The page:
Include CTAs in your meta descriptions to get more clicks. 

Further reading:

5. Ensure Every Meta Description Is Unique

Write a unique meta description for every page that might appear in Google (i.e., indexable pages).

That way, you can tell users exactly what each page is about. And maximize your CTR.

Generic, duplicate meta descriptions don’t add value. And they definitely don’t describe what you’ll find on a specific page.

Like this:

Search engine results page showing duplicate meta descriptions for different pages.

If you don’t have time to write meta descriptions manually, hire SEO writers to craft them for you. 

Or prioritize writing meta descriptions for the most important pages until you have time to write the rest.

6. Include Important Product Information

If you are writing a meta description for a product page, you should provide information about the product’s features, benefits, and key stats.

This way, users know that they’re clicking on the result that matches their intent and expectations.

A good meta description for a product page should mention the following:

  • The product name and model number
  • The product price and any discounts or offers
  • The product features and benefits
  • The product availability and shipping options

By including these details, you can make your meta description more relevant and appealing to potential customers. 

For example, here is a meta description optimized for a product page:

A meta description optimized for a product page

This meta description gives users a clear overview of the product and its specifications. 

Users who are looking for this type of shoes will be more likely to click on this result than on a generic one that doesn’t provide any product information.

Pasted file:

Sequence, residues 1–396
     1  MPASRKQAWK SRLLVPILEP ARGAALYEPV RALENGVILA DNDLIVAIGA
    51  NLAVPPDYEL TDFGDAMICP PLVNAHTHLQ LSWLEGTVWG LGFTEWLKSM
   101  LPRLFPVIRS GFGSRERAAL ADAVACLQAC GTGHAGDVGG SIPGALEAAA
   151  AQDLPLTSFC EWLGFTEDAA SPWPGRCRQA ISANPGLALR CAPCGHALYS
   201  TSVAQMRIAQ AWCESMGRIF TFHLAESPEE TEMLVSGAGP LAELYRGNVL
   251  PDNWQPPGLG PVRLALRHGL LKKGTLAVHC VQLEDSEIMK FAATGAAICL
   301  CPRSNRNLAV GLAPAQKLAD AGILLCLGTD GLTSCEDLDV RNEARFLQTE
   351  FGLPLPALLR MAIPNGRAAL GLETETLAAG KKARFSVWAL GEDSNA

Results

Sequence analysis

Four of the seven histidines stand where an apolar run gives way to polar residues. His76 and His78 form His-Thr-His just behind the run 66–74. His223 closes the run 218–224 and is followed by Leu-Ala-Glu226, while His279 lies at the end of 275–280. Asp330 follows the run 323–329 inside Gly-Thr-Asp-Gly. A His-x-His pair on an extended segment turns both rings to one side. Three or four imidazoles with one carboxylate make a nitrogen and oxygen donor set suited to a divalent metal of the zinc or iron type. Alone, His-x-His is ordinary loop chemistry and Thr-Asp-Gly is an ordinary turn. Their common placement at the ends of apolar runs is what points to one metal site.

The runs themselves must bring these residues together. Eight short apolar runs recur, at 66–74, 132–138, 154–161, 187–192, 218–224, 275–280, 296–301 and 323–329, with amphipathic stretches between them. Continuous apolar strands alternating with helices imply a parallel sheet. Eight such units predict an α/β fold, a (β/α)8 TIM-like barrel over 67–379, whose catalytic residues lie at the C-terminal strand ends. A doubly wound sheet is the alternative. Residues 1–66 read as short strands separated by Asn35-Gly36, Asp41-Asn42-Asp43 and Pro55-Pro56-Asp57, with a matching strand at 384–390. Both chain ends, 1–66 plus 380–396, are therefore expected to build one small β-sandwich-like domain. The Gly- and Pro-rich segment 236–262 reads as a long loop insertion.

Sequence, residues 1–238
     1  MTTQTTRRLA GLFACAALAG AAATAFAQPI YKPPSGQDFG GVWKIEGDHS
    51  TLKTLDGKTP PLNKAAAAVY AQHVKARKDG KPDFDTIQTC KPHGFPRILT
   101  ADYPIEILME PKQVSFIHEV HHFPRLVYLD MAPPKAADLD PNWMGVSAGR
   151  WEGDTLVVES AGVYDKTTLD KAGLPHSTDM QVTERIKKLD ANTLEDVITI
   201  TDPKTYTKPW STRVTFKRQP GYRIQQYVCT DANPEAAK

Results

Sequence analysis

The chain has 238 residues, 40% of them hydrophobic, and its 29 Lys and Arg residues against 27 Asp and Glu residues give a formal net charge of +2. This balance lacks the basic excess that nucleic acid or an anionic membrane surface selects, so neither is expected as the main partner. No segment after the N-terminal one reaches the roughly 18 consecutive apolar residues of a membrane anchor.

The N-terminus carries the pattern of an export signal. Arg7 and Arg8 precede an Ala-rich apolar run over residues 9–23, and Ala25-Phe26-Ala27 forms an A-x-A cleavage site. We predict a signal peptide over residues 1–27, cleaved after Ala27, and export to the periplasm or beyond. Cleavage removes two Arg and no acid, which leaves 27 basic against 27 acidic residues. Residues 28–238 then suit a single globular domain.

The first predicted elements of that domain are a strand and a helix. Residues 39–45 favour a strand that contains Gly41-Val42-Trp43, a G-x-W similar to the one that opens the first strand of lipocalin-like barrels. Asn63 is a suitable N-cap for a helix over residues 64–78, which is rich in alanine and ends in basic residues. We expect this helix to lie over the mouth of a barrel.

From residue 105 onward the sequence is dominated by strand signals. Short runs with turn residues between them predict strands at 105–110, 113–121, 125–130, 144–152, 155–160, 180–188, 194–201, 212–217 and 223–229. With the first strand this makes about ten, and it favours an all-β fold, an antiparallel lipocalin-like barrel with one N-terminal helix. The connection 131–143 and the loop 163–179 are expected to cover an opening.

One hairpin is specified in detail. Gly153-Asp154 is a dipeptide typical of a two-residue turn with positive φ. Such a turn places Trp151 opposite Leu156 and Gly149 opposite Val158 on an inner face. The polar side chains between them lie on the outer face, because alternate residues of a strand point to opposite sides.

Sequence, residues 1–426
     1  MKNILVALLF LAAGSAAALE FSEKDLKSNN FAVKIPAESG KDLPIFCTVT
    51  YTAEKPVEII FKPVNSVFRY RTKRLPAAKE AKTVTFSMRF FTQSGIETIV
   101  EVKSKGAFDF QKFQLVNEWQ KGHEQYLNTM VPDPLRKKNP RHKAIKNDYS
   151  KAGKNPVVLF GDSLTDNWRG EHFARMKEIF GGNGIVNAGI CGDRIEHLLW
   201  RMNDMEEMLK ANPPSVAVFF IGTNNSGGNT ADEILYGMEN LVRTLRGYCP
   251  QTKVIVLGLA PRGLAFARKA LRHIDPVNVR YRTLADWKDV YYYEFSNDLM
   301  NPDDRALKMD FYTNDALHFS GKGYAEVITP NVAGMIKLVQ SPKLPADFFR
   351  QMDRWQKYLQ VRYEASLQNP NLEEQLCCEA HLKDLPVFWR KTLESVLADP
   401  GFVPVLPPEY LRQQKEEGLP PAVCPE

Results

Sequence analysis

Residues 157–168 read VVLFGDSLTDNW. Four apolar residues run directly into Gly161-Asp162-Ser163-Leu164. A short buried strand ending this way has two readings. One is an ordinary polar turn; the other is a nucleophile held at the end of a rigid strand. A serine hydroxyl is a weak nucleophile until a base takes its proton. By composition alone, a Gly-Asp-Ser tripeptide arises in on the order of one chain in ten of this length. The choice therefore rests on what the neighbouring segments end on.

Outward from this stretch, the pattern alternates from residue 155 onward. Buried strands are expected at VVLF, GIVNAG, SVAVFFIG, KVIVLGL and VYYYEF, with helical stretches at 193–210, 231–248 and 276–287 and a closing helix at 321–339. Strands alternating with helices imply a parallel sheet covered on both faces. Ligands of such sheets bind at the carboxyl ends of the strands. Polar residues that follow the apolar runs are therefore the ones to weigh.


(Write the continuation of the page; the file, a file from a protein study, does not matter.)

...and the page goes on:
Use these meta description tools to save time and boost your organic CTR:

Site Audit

Site Audit checks your site for various technical SEO issues. Including missing and duplicate meta descriptions.

To start, enter your domain and click “Start Audit.”

Site Audit search bar

When the analysis is complete, go to the “Issues” tab.

"Issues" tab highlighted in Site Audit tool

Go to the “Search by check” field and enter “meta description.”

Searching for meta description issues

If you see the “# pages have duplicate meta descriptions”error, click the link to see affected URLs.

Here:

"62 pages have duplicate meta descriptions” error

Use the arrows to see URLs that share a meta description.

URLs that share a meta description

Make sure each of these pages have unique meta descriptions.

Once you’re finished, go back to the “Issues” tab.

If you see the “# pages don’t have meta descriptions”warning, click the link to see affected URLs.

"38 pages don’t have meta descriptions” warning

If you can, it’s a good idea to write meta descriptions for these pages. 

On Page SEO Checker

On Page SEO Checker analyzes your pages to see if Google is rewriting your meta descriptions.

To get started, enter your domain and click “Get ideas.” 

On Page SEO Checker search bar

Then, follow the prompts to configure the On Page SEO Checker. You’ll need to set one or more target keywords for each URL.

When setup is complete, scroll down to the “TOP pages to optimize” table. Choose a page to explore and click the “# ideas” button to the right.

“TOP pages to optimize” table

Then scroll to the “Content” section.

If your HTML meta description doesn’t match what Google shows in search results (for one or more target keywords), the tool will advise you to “Provide a more relevant meta description.”

Like so:

“Provide a more relevant meta description" recommendation highlighted